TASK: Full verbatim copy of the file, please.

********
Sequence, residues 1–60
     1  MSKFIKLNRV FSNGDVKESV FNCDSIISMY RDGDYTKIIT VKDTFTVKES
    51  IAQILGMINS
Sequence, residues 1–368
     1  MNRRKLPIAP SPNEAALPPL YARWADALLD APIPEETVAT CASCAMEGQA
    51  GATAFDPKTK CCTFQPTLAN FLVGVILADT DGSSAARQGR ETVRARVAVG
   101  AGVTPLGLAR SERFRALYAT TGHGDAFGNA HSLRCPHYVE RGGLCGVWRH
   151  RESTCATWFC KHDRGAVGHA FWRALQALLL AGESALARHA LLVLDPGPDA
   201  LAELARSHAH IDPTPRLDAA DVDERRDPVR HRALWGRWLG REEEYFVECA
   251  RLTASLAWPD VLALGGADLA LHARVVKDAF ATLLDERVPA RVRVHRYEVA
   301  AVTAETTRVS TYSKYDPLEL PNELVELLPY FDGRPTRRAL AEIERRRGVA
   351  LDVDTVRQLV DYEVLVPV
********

Sequence, residues 1–60
     1  MSKFIKLNRV FSNGDVKESV FNCDSIISMY RDGDYTKIIT VKDTFTVKES
    51  IAQILGMINS
Sequence, residues 1–368
     1  MNRRKLPIAP SPNEAALPPL YARWADALLD APIPEETVAT CASCAMEGQA
    51  GATAFDPKTK CCTFQPTLAN FLVGVILADT DGSSAARQGR ETVRARVAVG
   101  AGVTPLGLAR SERFRALYAT TGHGDAFGNA HSLRCPHYVE RGGLCGVWRH
   151  RESTCATWFC KHDRGAVGHA FWRALQALLL AGESALARHA LLVLDPGPDA
   201  LAELARSHAH IDPTPRLDAA DVDERRDPVR HRALWGRWLG REEEYFVECA
   251  RLTASLAWPD VLALGGADLA LHARVVKDAF ATLLDERVPA RVRVHRYEVA
   301  AVTAETTRVS TYSKYDPLEL PNELVELLPY FDGRPTRRAL AEIERRRGVA
   351  LDVDTVRQLV DYEVLVPV